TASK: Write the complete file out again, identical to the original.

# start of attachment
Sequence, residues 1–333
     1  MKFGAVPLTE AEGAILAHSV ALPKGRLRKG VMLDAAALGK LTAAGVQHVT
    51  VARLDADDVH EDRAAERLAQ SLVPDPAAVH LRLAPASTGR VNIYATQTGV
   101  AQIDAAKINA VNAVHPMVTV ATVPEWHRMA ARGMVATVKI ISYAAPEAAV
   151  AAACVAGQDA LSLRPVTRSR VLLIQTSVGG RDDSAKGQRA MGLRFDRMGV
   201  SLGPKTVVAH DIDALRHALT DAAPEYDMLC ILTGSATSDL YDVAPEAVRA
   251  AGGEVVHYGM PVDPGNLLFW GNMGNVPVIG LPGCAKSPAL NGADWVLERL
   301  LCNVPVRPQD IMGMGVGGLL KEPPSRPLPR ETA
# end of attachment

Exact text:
Sequence, residues 1–333
     1  MKFGAVPLTE AEGAILAHSV ALPKGRLRKG VMLDAAALGK LTAAGVQHVT
    51  VARLDADDVH EDRAAERLAQ SLVPDPAAVH LRLAPASTGR VNIYATQTGV
   101  AQIDAAKINA VNAVHPMVTV ATVPEWHRMA ARGMVATVKI ISYAAPEAAV
   151  AAACVAGQDA LSLRPVTRSR VLLIQTSVGG RDDSAKGQRA MGLRFDRMGV
   201  SLGPKTVVAH DIDALRHALT DAAPEYDMLC ILTGSATSDL YDVAPEAVRA
   251  AGGEVVHYGM PVDPGNLLFW GNMGNVPVIG LPGCAKSPAL NGADWVLERL
   301  LCNVPVRPQD IMGMGVGGLL KEPPSRPLPR ETA